Ghosh constantly reminds his readers that caste was of no importance for the struggle. But in Senhati it seems to have mattered. Ghosh belonged to the Kayastha community, a community of scribes, well versed in Persian with a past as officials under the Nawab of Bengal. This brought them close to the Muslims. Barun De describes certain tensions between them and the Brahmin Baidya community about asserting the highest status. Yet says De, such conflicts were not primarily a matter of caste or class divisions. They rather reflected conflicts centring on sub-regions, kinship, and the cultural aspect of economic status. The Baidyas dominated Senhati and the Ghosh family was probably feeling pretty miserable having moved there.
No conquest of one country by another can be considered complete unless the conquerors either wipe out the conquered peoples entirely, as did the whites who wrested the American continent from the North American Indians, or admit them to full social, economical and political equality-a thing which no conqueror of modern times has yet done.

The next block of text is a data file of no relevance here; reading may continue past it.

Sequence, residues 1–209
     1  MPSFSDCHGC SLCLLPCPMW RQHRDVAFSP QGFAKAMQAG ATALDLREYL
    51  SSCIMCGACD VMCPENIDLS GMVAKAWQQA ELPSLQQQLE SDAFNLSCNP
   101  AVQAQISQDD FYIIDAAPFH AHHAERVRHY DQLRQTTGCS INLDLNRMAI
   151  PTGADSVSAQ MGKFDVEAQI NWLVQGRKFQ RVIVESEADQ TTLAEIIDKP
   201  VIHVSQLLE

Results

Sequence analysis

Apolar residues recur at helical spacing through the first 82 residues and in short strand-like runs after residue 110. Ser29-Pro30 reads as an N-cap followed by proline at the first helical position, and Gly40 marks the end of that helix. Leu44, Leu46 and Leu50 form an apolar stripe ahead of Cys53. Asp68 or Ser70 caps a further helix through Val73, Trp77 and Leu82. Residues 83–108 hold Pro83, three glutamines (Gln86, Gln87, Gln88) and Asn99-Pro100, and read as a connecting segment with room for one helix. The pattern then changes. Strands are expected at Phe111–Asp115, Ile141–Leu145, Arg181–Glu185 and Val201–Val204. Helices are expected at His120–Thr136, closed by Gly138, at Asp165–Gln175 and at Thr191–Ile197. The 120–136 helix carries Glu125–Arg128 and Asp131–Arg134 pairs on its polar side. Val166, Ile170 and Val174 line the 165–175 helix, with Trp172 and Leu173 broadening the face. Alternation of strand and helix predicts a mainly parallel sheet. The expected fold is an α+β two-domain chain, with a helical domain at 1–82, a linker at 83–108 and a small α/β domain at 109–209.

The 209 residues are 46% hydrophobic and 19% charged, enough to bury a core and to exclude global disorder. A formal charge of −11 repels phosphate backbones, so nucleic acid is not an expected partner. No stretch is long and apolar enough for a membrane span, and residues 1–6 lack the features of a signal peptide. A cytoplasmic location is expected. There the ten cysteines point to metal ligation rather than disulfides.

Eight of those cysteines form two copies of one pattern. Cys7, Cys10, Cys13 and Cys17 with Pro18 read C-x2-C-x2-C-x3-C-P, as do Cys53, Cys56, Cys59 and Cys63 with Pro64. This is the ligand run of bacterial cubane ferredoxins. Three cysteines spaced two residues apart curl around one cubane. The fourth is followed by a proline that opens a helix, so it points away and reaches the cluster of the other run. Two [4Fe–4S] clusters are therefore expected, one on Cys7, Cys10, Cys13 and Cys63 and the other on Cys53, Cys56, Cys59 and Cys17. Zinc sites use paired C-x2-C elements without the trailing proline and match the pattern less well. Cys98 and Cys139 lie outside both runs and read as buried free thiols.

Britain, with her characteristic tendency to compromise, has taken a middle course in India; the former course admittedly presenting certain practical difficulties, and the latter not being regarded as profitable for the right people. So India remains only half conquered, and her peoples live in an atmosphere of distrust, dislike and revolt against their rulers. Revolutionary and nationalist feeling, especially in the middle classes, is inevitable, and the twentieth century Indian, from his earliest childhood on, is impregnated with it.
It is in illustration of this circumstance that I am writing what I call my 'political autobiography'. My personal life and achievements, such as they are, are important chiefly to myself, but my political life, which has indeed, except for five years, been all my life, may serve as a fairly typical example of what is going on in India to-day.